KALALOCH LODGE:The Lodge, my breakfast and a walk on the Beach
This place is one of my favorite places that I've ever stayed. It was a perfect pit stop on my road trip. It was a log cabin right on the beach south of Forks, WA. It was a classic example of a perfect hideaway for a cold and rainy night. Warm, inviting and cozy.
Mine was a two-room cabin on the beach. I didn't need the two rooms but it would have been a nice two-room for a family. The bed had a feather comforter and was supremely comfortable. Like sleeping on a white fluffy cloud.
My cabin even had a window toward the ocean. The cabins in front of me had a greater view but you could see, hear and smell the ocean from my cabin.
A leather couch in the corner which I used for a place to hold my luggage.
You also get a small kitchen and a nice kitchen table with 4 chairs. If you don't want to eat at the restaurant you can make your own food. I only stayed one night so I didn't use it but if I get the chance to come back I would definitely make this place my base camp and cook food from here.
Here's the bathroom complete with sink, toilet and shower. Small but clean and perfect.
One of my favorite parts of my cabin was this working wood fireplace. They provide you with a pile of wood, matches and a firestarter with instructions on how to start a fire/use the fireplace (in case you've never used one before). I IMMEDIATELY started my fire as it was cold and I wanted it toasty warm. It definitely didn't take long before the entire cabin warmed up nicely.
My roaring fire with shoes drying out and getting warm. Perfect and glorious.
A rainy day started with an absolutely superb breakfast at the Restaurant at the Lodge. The ingredients were fresh and tasty. The eggs light and fluffy, the ham a 1/4 inch thick and the fruit was juicy and fresh. It was tasty. Oh, right, I already said that, but really how much better of a compliment can you give than, "It was tasty!"
WALKING THE BEACH AT KALALOCH LODGE
When I checked in it was past 10 o'clock and dark but you could hear the roar of the ocean and this entire inlet would have been swallowed up with sea water.
When you check in at the Lodge you have to sign a form indicating that you are aware that that the tide will bring in drift logs and it's dangerous to walk along the beach when the tide is high. You could be crushed by drift logs.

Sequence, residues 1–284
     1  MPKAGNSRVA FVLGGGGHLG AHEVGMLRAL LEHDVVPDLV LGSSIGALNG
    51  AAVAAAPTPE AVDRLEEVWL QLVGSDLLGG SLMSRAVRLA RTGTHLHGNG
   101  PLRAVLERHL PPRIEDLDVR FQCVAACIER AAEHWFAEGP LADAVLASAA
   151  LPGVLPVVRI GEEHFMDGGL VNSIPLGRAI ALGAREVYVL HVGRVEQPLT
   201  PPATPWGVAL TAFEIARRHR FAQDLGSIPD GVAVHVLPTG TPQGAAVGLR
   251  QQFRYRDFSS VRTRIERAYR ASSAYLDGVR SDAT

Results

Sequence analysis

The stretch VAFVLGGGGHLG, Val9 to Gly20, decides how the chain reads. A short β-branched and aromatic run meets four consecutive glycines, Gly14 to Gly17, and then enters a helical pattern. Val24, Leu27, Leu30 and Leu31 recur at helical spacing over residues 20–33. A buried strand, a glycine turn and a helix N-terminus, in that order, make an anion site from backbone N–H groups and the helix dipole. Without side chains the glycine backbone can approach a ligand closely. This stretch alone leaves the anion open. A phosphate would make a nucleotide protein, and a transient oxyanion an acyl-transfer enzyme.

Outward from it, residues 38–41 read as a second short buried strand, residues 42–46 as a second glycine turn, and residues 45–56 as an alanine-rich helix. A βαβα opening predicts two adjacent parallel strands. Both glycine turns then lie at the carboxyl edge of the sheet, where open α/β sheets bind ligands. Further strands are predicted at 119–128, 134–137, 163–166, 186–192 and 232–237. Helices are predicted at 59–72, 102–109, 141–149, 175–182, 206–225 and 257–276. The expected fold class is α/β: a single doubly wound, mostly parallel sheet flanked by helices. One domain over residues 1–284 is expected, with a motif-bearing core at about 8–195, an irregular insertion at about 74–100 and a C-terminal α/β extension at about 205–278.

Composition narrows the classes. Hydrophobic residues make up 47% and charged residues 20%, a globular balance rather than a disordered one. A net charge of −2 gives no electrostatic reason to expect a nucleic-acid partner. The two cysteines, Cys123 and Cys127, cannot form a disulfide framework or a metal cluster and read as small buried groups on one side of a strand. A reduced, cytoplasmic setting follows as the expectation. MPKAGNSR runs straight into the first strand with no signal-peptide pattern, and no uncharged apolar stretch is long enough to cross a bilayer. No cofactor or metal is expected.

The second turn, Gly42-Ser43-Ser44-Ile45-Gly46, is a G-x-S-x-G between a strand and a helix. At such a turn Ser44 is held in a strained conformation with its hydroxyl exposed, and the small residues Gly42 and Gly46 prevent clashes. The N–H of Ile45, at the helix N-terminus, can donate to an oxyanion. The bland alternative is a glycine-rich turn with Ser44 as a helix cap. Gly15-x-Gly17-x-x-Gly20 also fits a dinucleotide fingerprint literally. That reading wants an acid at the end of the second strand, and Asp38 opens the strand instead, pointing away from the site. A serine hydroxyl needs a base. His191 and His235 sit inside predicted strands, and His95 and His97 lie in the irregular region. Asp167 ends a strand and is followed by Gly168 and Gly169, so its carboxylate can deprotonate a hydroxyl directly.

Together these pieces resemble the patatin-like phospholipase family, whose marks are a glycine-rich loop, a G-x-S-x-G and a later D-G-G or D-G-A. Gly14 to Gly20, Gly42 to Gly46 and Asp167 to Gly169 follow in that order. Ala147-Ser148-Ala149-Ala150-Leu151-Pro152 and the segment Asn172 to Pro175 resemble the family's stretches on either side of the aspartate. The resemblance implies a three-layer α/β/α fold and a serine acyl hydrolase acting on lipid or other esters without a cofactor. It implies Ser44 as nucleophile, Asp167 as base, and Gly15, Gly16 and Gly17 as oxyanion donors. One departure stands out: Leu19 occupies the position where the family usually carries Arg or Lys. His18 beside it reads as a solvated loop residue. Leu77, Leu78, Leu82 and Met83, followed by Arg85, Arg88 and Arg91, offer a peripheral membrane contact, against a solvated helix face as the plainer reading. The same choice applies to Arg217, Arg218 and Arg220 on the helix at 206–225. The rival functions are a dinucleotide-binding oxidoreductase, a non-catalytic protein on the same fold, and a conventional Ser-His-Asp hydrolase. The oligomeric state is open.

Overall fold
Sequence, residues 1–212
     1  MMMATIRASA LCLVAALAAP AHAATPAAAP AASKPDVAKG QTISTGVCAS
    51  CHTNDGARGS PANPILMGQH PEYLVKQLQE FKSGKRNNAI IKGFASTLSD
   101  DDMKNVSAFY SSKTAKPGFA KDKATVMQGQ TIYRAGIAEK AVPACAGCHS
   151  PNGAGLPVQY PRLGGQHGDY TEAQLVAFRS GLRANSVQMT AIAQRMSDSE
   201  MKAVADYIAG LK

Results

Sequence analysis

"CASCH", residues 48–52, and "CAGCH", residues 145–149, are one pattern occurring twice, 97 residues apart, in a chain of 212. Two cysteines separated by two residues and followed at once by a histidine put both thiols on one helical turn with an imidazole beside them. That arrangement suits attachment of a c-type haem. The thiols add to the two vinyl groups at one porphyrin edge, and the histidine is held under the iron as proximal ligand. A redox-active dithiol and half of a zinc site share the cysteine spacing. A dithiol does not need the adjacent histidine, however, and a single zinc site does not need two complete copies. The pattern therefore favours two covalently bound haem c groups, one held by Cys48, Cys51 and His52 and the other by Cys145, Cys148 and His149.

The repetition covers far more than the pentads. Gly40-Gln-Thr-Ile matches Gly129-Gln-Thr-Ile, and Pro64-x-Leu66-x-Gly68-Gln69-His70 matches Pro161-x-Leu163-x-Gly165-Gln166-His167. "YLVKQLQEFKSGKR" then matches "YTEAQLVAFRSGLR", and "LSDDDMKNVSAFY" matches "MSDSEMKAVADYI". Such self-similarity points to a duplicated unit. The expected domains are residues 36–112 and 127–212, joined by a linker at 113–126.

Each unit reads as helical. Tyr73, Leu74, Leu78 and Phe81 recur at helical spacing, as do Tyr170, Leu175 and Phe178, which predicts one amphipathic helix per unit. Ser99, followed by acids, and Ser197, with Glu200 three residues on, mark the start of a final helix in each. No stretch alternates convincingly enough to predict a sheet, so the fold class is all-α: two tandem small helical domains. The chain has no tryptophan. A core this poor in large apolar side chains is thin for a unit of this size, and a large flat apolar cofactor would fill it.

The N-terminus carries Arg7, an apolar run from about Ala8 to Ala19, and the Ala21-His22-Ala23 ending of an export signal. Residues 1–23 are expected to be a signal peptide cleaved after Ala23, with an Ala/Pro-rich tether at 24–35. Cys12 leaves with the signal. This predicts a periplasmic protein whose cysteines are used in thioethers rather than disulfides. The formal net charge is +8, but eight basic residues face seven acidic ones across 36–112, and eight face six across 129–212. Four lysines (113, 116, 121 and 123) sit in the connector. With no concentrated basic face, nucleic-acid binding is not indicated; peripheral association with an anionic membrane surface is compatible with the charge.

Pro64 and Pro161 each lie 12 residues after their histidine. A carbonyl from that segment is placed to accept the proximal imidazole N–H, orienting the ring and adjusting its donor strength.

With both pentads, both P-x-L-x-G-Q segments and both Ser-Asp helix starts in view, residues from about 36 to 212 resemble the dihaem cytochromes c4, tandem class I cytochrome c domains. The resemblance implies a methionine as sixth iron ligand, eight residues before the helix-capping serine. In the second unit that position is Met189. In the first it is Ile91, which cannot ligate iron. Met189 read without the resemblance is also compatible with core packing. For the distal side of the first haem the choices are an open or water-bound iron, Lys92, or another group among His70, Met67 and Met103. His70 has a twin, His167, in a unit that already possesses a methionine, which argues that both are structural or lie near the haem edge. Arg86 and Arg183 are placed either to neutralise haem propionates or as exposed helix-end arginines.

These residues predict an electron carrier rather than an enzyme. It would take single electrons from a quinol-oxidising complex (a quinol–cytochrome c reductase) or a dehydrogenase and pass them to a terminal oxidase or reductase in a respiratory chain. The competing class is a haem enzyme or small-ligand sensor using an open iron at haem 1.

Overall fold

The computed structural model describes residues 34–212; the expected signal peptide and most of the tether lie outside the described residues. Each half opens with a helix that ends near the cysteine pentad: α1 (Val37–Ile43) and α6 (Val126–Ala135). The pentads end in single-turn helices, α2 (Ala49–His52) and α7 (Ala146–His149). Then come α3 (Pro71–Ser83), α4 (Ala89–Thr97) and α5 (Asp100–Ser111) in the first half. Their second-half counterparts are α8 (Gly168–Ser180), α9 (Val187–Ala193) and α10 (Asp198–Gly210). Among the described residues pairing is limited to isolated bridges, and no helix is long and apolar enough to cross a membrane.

This is the beach at low tide.
The beach was laden with black smooth stones and driftwood. It was raining while I was walking the beach but I didn't really care. I had my raincoat on. I was most worried about my camera getting wet and ruined so I kept it under my coat.
I even saw this huge tree trunk with roots. It was bigger than my wingspan washed up on shore.
Laying my camera on a log with a piece of cloth covering it, setting the timer and dashing back into place.
These logs were laying all over the beach like garbage on the streets of New York just piled up and strewn all over.
Piles of smooth, wet black stones all over the beach. It surprised me because of all the beaches I've been to, the majority of them have only have soft smooth sand not huge stones.
A teepee on the beach. With a little fire pit close by and logs to sit on. Sounds like a perfect night on the beach to me.
This is part of the beach where erosion has taken it's course. The trudgingly slow decay of the side of the beach. The ocean gradually taking it away piece by piece a grain at a time. Imagine how long it takes for this to happen.
I scared away an entire flock of seagulls. Not on purpose or anything I just happened to be walking that way and spooked them.
I hope you enjoyed these pictures and keep checking my blog for more posts on my adventure in the Pacific Northwest.
Have a great day!